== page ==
The “Z drugs” after age 65 need to be prescribed with care. These include the anti-anxiety benzodiazepine and the sleep meds zolpidem (Ambien), zaleplon (Sonata), temazepam (Restoril), and eszopiclone (Lunesta), as well as the numerous SSRI antidepressants. All are associated with mental confusion and increased falls with fractures.

Beta blockers (atenolol, propranolol, sotalol, etc.) were once high on the list for people who had had a heart attack, to improve what’s called long-term mortality, but recent research has not sustained this. For years beta blockers were a go-to med for high blood pressure, but again, they’re just not all that great compared to other meds available. Because the side effects outweigh the benefits, we’ll see fewer of these being prescribed.

Medications for asthma and chronic obstructive lung disease. Some people need inhalers, especially so-called rescue inhalers, during allergy season. But, interestingly, a recent study showed that among patients prescribed long-acting inhalers like Advair and Symbicort, many never had a confirmed diagnosis of asthma. The current recommendation is if a doctor suspects a patient has asthma, ensure the diagnosis is accurate by using spirometry testing (or a referral to a pulmonologist) before prescribing a lifetime of expensive inhalers.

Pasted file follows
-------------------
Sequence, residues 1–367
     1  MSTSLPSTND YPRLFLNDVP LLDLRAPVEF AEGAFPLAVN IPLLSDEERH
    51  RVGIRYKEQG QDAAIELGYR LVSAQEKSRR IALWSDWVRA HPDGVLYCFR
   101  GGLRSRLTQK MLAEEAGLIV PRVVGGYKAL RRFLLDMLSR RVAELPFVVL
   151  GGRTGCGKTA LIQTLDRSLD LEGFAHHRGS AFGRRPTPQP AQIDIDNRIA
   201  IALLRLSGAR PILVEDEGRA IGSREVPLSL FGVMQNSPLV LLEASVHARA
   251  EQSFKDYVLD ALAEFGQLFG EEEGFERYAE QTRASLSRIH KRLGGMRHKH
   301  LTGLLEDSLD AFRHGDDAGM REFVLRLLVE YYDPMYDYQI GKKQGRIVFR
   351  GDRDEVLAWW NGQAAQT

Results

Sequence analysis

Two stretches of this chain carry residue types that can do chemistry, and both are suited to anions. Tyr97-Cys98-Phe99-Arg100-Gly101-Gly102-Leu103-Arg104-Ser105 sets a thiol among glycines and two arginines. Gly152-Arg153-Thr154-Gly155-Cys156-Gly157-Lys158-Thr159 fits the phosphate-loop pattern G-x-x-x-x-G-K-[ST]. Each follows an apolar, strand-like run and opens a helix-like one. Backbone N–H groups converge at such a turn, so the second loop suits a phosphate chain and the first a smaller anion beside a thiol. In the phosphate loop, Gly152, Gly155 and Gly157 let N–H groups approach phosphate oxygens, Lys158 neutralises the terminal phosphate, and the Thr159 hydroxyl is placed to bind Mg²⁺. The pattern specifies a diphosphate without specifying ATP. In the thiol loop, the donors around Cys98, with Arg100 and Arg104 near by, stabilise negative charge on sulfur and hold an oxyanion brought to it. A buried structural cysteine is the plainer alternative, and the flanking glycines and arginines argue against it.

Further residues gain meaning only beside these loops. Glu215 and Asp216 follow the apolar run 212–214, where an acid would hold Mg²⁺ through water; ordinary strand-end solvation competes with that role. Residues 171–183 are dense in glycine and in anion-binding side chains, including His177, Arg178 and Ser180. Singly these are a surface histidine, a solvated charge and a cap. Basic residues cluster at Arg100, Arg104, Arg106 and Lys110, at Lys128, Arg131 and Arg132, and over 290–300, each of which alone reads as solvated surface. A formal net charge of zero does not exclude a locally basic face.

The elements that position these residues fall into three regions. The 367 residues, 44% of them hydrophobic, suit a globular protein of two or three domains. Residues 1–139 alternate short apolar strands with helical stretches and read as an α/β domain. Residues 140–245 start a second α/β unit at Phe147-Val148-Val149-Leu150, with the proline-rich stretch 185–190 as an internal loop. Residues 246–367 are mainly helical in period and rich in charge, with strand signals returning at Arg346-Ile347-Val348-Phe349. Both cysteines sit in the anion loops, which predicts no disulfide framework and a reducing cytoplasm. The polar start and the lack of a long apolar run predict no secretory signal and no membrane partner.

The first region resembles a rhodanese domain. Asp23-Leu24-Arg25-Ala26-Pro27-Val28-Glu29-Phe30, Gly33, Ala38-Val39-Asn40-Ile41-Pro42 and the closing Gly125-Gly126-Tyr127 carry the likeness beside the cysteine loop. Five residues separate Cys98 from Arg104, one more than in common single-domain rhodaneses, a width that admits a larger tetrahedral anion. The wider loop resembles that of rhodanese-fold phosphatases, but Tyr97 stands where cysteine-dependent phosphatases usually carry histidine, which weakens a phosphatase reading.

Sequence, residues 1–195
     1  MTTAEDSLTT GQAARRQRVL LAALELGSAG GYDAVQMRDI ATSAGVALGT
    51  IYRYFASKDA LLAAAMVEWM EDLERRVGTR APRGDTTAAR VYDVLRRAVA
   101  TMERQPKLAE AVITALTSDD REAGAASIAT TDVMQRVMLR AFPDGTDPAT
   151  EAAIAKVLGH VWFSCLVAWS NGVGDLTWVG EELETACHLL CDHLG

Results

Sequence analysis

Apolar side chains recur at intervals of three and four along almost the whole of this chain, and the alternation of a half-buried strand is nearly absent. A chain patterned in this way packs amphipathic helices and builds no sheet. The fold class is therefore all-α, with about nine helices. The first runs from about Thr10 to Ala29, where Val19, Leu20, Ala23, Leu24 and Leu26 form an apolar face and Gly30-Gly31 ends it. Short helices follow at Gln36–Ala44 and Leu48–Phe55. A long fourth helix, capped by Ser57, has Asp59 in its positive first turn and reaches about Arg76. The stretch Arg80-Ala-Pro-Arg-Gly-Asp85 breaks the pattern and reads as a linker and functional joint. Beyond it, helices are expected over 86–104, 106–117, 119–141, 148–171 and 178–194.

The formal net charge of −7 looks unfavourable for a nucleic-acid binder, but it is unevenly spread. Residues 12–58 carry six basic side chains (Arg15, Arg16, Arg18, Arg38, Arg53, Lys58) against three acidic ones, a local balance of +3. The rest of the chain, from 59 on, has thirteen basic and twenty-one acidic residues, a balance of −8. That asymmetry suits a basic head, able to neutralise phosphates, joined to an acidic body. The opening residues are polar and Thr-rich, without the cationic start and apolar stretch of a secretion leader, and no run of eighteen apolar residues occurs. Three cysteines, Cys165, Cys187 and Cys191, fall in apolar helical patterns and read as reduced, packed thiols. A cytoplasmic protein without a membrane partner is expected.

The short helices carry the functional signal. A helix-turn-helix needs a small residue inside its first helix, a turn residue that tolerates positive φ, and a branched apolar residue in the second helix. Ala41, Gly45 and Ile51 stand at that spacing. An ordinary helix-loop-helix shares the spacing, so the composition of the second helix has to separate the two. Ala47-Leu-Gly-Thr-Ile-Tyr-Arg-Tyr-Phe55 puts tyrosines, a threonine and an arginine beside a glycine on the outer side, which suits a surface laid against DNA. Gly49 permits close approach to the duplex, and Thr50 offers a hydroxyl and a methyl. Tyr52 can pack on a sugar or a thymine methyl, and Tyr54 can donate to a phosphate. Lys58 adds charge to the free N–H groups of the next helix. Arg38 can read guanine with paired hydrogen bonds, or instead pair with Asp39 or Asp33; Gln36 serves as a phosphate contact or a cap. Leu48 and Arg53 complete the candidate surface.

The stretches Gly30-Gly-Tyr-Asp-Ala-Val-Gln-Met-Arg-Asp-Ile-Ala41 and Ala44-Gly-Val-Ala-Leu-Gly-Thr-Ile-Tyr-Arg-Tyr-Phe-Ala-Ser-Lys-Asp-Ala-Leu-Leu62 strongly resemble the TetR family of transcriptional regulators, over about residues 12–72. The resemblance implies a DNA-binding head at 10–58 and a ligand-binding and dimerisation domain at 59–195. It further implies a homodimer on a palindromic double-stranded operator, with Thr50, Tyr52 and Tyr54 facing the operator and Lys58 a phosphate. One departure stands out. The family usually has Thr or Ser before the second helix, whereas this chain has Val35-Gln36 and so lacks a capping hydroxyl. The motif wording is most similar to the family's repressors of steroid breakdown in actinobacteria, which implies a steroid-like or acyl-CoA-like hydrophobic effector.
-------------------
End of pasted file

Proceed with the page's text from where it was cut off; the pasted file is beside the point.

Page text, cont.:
Medications for urinary incontinence caused by bladder spasm (overactive bladder), including Vesicare, Ditropan, and Flomax, are effective for maybe 10% of patients and are discontinued because of side effects in 7%. They’re generally useless for everyone else.

The most commonly prescribed medication for Alzheimer’s, Aricept (donepezil), usually works for only one patient out of ten and in that instance for a relatively short time. Side effects are very common: nausea, lack of appetite, urinary incontinence, weight loss, and fainting.